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Lockheed Martin delivers 134 F-35 aircraft in 2019

Lockheed Martin reports that it exceeded its 2019 delivery goals for the F-35 defense aircraft, and plans to deliver 141 F-35s in 2020.
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F-35 defense aircraft

F-35. Source | Lockheed Martin

 

Lockheed Martin (Ft. Worth, Texas, U.S.) announced on Dec. 30 that it had delivered its 134th F-35 aircraft for 2019, exceeding the joint government and industry 2019 delivery goal of 131 aircraft.

The company says that 134 deliveries represents a 47% increase from 2018 and nearly a 200% production increase from 2016. In 2020, Lockheed Martin plans to deliver 141 F-35s and says it is prepared to increase production volume year-over-year to hit peak production in 2023.

The 134th aircraft is a short takeoff and vertical landing (STOVL) model for the United States Marine Corps. In 2019, Lockheed Martin reports that deliveries included 81 F-35s for the United States, 30 for international partner nations and 23 for foreign military sales customers.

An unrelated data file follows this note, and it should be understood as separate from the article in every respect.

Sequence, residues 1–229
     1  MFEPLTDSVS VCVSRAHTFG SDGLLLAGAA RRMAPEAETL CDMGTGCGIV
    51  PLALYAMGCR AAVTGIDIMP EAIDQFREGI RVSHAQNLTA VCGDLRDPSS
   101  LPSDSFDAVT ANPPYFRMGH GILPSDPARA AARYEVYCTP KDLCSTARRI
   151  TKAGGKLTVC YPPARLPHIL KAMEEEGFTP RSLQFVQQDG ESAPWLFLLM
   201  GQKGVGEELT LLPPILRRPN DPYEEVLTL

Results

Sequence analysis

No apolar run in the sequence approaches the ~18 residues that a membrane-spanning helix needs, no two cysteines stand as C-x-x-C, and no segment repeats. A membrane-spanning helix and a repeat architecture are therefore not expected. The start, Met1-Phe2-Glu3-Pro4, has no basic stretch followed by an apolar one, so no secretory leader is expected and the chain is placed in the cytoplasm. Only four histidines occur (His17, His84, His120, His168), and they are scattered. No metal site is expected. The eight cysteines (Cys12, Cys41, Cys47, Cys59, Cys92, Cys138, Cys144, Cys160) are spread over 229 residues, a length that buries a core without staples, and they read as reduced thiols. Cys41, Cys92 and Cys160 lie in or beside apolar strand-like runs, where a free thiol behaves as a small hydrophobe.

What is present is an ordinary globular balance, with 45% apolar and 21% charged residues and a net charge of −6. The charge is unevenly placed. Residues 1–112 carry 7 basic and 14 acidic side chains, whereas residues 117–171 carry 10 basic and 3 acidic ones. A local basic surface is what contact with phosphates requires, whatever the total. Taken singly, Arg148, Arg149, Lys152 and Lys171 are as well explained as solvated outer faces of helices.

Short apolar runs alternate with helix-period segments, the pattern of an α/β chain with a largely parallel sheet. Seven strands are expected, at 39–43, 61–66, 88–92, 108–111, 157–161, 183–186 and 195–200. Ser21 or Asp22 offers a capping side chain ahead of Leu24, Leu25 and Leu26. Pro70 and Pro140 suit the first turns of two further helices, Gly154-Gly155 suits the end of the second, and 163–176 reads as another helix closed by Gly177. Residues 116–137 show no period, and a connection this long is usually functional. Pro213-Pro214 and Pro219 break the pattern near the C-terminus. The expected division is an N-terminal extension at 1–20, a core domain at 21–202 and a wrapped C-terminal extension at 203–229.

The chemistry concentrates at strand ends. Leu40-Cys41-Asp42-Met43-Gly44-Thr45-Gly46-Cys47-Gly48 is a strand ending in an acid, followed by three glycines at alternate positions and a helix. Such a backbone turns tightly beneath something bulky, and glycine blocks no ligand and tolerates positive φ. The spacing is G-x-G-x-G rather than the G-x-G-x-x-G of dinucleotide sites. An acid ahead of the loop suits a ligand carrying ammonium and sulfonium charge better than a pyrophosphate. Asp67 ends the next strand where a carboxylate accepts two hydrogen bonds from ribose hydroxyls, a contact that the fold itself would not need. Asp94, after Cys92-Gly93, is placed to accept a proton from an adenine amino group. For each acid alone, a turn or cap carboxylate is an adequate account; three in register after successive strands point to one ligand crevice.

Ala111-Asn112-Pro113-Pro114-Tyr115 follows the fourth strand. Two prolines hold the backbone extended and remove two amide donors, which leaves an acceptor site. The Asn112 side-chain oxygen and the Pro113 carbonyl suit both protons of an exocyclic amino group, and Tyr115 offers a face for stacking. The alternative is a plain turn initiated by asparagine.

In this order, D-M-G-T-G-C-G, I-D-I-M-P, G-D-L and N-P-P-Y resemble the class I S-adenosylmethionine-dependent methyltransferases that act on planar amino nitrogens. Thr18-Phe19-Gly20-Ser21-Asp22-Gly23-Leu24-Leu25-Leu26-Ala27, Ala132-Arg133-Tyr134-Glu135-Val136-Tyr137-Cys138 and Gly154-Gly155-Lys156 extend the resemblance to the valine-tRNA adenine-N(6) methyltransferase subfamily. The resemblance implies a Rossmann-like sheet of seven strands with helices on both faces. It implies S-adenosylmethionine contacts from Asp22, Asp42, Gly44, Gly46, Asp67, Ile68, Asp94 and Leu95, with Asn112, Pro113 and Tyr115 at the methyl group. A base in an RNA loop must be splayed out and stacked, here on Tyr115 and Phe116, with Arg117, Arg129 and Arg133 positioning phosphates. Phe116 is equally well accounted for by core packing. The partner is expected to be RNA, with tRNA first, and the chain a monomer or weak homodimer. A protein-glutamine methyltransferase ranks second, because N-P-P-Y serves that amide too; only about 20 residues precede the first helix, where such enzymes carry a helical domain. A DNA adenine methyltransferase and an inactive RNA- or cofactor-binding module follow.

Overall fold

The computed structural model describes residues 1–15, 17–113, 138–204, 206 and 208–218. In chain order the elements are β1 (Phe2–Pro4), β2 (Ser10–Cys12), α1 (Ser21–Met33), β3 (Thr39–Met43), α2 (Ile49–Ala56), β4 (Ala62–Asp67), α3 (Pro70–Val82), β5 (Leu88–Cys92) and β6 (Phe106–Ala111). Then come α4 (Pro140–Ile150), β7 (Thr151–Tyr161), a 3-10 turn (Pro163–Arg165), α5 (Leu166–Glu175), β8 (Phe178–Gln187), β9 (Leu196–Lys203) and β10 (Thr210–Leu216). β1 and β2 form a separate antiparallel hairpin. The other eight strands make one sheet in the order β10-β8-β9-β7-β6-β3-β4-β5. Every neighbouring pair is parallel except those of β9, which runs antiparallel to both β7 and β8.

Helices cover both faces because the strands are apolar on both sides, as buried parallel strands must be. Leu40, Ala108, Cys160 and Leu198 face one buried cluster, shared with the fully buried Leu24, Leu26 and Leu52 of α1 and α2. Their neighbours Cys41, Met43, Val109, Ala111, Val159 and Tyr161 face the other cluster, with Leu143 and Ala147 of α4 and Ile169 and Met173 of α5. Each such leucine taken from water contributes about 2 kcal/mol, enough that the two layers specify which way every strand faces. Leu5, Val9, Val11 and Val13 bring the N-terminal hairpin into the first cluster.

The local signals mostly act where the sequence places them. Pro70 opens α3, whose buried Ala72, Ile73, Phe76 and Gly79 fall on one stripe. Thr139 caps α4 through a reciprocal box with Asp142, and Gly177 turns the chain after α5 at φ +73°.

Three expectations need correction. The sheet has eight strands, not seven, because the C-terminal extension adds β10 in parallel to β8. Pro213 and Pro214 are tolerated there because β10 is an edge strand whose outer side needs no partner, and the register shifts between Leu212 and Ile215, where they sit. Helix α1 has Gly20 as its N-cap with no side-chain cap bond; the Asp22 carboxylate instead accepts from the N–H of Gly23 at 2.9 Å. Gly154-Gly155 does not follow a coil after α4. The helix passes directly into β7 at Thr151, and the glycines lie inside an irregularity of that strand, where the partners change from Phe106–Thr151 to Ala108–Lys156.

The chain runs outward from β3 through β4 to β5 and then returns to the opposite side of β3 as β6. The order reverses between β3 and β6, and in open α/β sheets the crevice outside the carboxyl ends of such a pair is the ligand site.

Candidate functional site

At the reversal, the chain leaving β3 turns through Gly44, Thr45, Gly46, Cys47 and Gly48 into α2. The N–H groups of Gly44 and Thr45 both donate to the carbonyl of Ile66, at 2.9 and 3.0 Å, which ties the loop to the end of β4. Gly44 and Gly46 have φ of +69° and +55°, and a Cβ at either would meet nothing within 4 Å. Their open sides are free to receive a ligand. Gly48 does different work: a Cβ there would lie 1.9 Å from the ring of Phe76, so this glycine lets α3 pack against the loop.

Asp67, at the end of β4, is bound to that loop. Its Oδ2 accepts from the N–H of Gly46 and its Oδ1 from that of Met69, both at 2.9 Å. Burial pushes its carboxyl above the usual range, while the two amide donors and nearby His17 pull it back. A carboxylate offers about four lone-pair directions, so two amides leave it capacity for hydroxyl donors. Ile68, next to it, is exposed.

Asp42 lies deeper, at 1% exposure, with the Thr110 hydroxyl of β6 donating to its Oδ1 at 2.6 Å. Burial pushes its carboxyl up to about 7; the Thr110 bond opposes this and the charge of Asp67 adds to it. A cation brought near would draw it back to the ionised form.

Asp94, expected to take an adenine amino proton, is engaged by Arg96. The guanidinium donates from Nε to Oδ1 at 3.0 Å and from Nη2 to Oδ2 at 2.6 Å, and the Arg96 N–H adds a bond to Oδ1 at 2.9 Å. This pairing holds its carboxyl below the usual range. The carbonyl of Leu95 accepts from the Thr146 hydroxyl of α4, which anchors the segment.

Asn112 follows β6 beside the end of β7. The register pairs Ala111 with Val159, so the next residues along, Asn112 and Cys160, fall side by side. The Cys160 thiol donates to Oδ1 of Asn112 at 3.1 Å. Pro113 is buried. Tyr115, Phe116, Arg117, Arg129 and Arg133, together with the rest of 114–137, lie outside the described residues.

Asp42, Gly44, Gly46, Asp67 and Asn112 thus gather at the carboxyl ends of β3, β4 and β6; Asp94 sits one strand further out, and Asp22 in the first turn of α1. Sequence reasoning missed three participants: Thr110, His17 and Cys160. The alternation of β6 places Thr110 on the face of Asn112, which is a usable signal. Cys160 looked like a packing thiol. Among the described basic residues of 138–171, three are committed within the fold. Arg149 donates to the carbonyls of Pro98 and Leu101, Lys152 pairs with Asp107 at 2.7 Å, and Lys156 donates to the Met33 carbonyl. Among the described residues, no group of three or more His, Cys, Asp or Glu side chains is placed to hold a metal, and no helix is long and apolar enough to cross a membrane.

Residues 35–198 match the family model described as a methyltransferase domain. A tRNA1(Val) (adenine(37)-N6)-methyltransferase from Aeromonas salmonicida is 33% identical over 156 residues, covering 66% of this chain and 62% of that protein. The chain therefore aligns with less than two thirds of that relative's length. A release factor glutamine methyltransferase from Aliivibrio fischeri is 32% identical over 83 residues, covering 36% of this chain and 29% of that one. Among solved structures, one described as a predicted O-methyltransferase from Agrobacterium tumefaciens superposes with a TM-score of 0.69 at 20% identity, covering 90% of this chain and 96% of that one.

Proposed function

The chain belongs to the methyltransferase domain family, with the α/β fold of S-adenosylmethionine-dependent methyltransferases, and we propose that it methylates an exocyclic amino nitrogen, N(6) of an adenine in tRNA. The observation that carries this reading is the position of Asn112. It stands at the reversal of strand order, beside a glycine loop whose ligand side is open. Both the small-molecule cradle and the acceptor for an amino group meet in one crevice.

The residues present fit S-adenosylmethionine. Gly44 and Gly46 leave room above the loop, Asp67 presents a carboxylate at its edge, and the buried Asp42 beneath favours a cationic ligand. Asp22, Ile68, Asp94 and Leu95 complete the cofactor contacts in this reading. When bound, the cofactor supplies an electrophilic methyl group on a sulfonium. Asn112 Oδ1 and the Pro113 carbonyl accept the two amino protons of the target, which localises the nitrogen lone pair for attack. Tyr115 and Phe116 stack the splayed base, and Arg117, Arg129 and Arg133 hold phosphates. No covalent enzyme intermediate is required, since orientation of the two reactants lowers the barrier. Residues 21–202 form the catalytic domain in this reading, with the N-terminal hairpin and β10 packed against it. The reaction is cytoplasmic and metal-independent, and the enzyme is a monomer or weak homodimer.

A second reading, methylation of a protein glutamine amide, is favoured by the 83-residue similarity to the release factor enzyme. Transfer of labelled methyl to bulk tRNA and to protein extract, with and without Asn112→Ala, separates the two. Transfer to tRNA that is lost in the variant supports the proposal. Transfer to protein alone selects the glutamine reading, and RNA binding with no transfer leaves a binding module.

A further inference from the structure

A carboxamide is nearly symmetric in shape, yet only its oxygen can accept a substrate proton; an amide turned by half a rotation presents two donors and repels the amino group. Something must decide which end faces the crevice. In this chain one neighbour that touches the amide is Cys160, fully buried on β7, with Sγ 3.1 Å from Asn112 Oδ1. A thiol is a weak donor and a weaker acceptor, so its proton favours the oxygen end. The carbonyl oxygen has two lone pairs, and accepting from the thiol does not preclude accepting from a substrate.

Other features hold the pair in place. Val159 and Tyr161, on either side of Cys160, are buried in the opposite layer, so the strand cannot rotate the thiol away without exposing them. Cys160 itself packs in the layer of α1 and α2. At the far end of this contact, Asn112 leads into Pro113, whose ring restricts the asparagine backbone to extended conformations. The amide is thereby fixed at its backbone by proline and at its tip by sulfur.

“This achievement is a testament to the readiness of the full F-35 enterprise to ramp to full-rate production and we continue to focus on improving on-time deliveries across the entire weapons system,” says Greg Ulmer, Lockheed Martin vice president and general manager of the F-35 program. “We have met our annual delivery targets three years in a row and continue to increase production rates, improve efficiencies and reduce costs. The F-35 is the most capable fighter jet in the world, and we're now delivering the 5th Generation weapon system at a cost equal to or lower than a less capable 4th Generation legacy aircraft.”

According to Lockheed Martin, the current price of an F-35A is $77.9 million, meeting the $80 million goal a year earlier than planned. The global F-35 fleet, which includes more than 490 aircraft operating from 21 bases around the globe, is reported to average greater than 65% mission capable rates, with operational squadrons consistently performing near 75%. Lockheed Martin's sustainment cost per aircraft per year has decreased for four consecutive years, and more than 35% since 2015. As of Dec. 30, 2019, 975 pilots and 8,585 maintainers are trained, and the F-35 fleet has surpassed more than 240,000 cumulative flight hours.

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